Remember the days of old when Grandmother strapped a warm mustard pack to our congested chests when we had a cold? Or used a warmed tea bag to rid pink eye, a clove of garlic to stop an earache, or prepared a mixture of chaparral and olive oil as a cure for itchy skin? I do.
Distances between townships, limited funds, and the lack of readily available medical professionals and facilities all dictated that a woman be not only a wife, mother, and housekeeper, but doctor as well. Folklore healing practices, curative uses of herbs, and other medicinal “family secrets” were stealthily guarded and passed down from one generation to the next.
Of course, some of yesteryear’s touted cures were not truly cures at all. Superstition and myth “remedies,” without any practical application, crept into the mix. Little by little and through the years, suspicion as to the validity of any natural, herbal remedy began to take root.
For instance, witch doctor type practices such as hanging herbs that resembled tears around a child’s neck to help him cut teeth. “Reading” tea leaves to foretell future love interests, and assertions like placing certain spices under the pillow would improve memory, prejudiced many toward the genuine curative uses of herbs.
Natural Herbal Remedies
That is why some modern day practitioners regard the medicinal use of herbs as “quackery;” nothing more than old-wives tales. There are, however, a growing number of otherwise conventional medical professionals who acknowledge what Grandmother knew all along. Natural, herbal remedies as a means to maintain good health and cure certain diseases are valid. Nature’s drug store is making a comeback.
And why should that be surprising? After all, we — like plants — are organic. It is the synthetic drugs used today that were formulated to mimic their natural counterparts, and not the other way around. In days of old, there was no other way to treat illness and discomfort, help heal wounds, or cure bodily dysfunctions than with natural means.
Learnings from Nature
It was while living in tune with nature and studying wildlife that early man learned of the medicinal “powers” of herbs. Animals bitten by a poisonous snake survived after chewing snakeroot, a wounded bear rolled in mud to better heal and escape infection, and old, rheumatoid deer eased their misery and made joints more limber by resting under the therapeutic rays of the sun.
Nature’s well worked out plan for good health and freedom from disease is observed in animals. It is people who have strayed from nature’s medicine chest to create man-made remedies — some of which are less effective, costly, and riddled with negative side- effects.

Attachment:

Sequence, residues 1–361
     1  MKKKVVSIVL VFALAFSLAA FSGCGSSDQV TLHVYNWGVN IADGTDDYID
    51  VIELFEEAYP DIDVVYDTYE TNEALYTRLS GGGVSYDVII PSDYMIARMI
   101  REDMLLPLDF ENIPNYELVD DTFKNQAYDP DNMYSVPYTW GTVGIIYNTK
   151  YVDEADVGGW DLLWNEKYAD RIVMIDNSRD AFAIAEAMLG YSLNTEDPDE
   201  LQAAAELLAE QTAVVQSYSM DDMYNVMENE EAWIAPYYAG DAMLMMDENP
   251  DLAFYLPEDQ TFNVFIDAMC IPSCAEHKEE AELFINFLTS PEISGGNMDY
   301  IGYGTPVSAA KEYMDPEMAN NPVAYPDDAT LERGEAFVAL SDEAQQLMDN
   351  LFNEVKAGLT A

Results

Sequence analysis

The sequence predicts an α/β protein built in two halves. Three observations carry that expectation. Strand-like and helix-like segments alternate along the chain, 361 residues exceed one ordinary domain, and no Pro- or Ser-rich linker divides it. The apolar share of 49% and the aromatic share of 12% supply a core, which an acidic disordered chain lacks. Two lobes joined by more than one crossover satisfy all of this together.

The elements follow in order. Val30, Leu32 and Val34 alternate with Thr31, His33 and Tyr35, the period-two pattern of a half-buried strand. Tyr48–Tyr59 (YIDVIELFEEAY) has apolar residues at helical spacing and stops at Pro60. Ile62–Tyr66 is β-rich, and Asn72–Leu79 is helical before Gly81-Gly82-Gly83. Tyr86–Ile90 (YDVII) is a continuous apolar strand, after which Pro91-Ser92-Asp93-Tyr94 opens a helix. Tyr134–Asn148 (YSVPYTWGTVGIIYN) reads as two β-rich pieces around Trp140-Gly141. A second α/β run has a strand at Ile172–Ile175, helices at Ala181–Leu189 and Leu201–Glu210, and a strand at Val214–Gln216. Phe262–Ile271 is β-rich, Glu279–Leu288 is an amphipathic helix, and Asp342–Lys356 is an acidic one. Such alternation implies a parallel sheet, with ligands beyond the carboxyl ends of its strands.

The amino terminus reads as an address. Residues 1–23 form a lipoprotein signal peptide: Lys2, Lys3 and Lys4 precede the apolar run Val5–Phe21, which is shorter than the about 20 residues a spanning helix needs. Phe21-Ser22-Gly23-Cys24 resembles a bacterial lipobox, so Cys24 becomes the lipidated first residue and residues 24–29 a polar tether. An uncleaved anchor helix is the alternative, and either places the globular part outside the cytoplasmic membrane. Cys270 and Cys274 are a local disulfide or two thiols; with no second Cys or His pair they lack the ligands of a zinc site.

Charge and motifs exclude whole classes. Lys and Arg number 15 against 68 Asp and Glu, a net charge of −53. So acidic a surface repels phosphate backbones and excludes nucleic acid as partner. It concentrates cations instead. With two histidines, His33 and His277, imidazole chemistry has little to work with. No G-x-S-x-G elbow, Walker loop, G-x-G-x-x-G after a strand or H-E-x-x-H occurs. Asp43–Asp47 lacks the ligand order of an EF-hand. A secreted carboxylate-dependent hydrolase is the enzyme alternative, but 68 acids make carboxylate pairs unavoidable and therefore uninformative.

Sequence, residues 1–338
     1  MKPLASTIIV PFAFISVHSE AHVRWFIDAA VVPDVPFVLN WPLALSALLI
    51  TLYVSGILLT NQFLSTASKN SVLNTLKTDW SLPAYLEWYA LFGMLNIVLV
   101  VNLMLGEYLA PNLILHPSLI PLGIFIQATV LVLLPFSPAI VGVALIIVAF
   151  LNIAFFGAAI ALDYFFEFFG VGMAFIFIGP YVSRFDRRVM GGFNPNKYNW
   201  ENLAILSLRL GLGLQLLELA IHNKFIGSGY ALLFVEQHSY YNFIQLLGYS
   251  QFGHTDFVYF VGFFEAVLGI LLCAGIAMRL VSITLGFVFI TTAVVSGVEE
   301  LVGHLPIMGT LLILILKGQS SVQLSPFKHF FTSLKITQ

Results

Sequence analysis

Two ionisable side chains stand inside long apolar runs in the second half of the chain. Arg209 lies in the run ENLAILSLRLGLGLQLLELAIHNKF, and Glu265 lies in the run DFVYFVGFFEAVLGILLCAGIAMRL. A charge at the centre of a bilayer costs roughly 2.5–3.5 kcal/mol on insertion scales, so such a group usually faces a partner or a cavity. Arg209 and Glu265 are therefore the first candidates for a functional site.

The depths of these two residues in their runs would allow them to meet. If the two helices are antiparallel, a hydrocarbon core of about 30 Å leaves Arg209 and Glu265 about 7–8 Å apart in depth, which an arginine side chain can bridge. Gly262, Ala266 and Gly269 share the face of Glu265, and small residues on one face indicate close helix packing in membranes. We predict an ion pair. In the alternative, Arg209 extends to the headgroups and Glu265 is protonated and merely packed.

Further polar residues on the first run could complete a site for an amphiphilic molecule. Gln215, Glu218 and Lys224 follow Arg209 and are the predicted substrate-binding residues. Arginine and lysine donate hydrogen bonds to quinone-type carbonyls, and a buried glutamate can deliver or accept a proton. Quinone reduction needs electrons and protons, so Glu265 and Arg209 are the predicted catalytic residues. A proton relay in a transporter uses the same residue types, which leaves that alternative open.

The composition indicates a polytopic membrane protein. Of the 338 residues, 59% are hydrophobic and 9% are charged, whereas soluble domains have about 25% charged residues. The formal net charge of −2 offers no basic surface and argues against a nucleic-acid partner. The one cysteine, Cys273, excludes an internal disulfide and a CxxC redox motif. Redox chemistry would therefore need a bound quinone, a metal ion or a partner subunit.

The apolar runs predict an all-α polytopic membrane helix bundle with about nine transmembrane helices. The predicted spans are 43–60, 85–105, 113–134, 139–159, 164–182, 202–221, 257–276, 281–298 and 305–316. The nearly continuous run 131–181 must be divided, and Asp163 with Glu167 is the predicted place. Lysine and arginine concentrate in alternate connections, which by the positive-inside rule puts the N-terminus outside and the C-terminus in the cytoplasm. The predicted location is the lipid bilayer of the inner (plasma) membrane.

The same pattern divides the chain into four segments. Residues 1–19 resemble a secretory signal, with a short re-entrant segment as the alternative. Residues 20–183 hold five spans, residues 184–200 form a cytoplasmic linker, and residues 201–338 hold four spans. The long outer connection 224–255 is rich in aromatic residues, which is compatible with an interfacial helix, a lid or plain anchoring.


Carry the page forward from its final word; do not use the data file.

By working with, and not against nature, we increase our chance of a more healthy life, while decreasing our risk of disease and premature bodily limitations and dysfunctions.
A wealth of healing resources is there for the taking, if we but open our eyes to the possibilities available.
To highlight this fact, let’s take a look at the multiple medicinal uses of just one herb, commonly regarded as a noxious or disposable weed.
“King” of Herbs
Sometimes found intercropped with corn and wheat in the Midwest United States, common burdock grows wild and vies for the sun and nutrients of the soil. Though routinely overlooked as a native weed, it nevertheless has the potential to gift the bearer greater health and ease skin afflictions when harvested for its root.
In the herbal world, burdock is unsurpassed as a blood purifier. It is also the “king” of herbs in treating chronic skin problems such as eczema, acne, psoriasis, boils, syphilitic sores, and canker sores.
Make a medicinal tea by bringing 1 quart of water to a boil. Reduce heat. Add 4 teaspoons cut, dried burdock root. Cover and simmer for 7 minutes. Remove from heat and let steep for 2 hours. Drink a minimum of 2 cups a day on an empty stomach, or more if problem persists. This concoction can also be made in a larger quantity and used topically to wash affected skin areas as needed.
Mixed with catnip and made into a tea, burdock root is effective in clearing up stubborn kidney and gallstones. Bring 4 cups of water to a boil. Add 2 tablespoons of chopped or cut fresh or dried burdock root. Reduce heat and simmer 10 minutes. Remove from heat. Add 3 teaspoons chopped or cut fresh or dried catnip leaf, and let steep for 1
Lillian Clark is the creator of the weight loss blog Successtohealth.com (founded in 2019) and is the author of The Weight Loss Bible. She has dedicated her life to finding the simple tricks to having it all. Healthy lifestyle, effective women’s-focused gym workouts and learn to live the best life possible.